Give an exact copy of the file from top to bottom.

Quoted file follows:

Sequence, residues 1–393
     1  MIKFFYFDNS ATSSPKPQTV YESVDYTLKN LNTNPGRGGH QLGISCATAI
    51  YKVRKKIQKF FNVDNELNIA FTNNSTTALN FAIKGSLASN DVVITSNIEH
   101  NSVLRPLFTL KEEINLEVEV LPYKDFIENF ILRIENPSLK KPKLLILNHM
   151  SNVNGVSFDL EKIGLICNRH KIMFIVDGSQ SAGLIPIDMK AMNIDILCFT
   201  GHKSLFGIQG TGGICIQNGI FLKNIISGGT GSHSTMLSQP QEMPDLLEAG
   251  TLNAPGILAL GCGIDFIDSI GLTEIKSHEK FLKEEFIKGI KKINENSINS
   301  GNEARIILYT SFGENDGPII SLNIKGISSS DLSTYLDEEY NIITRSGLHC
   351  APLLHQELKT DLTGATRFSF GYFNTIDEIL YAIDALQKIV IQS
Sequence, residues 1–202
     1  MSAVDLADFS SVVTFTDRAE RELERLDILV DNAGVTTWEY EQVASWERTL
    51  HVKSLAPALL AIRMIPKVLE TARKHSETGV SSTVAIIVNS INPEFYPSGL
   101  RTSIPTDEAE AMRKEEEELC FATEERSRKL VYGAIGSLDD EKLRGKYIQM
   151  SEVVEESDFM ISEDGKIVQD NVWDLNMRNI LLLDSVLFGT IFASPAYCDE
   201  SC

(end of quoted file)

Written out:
Sequence, residues 1–393
     1  MIKFFYFDNS ATSSPKPQTV YESVDYTLKN LNTNPGRGGH QLGISCATAI
    51  YKVRKKIQKF FNVDNELNIA FTNNSTTALN FAIKGSLASN DVVITSNIEH
   101  NSVLRPLFTL KEEINLEVEV LPYKDFIENF ILRIENPSLK KPKLLILNHM
   151  SNVNGVSFDL EKIGLICNRH KIMFIVDGSQ SAGLIPIDMK AMNIDILCFT
   201  GHKSLFGIQG TGGICIQNGI FLKNIISGGT GSHSTMLSQP QEMPDLLEAG
   251  TLNAPGILAL GCGIDFIDSI GLTEIKSHEK FLKEEFIKGI KKINENSINS
   301  GNEARIILYT SFGENDGPII SLNIKGISSS DLSTYLDEEY NIITRSGLHC
   351  APLLHQELKT DLTGATRFSF GYFNTIDEIL YAIDALQKIV IQS
Sequence, residues 1–202
     1  MSAVDLADFS SVVTFTDRAE RELERLDILV DNAGVTTWEY EQVASWERTL
    51  HVKSLAPALL AIRMIPKVLE TARKHSETGV SSTVAIIVNS INPEFYPSGL
   101  RTSIPTDEAE AMRKEEEELC FATEERSRKL VYGAIGSLDD EKLRGKYIQM
   151  SEVVEESDFM ISEDGKIVQD NVWDLNMRNI LLLDSVLFGT IFASPAYCDE
   201  SC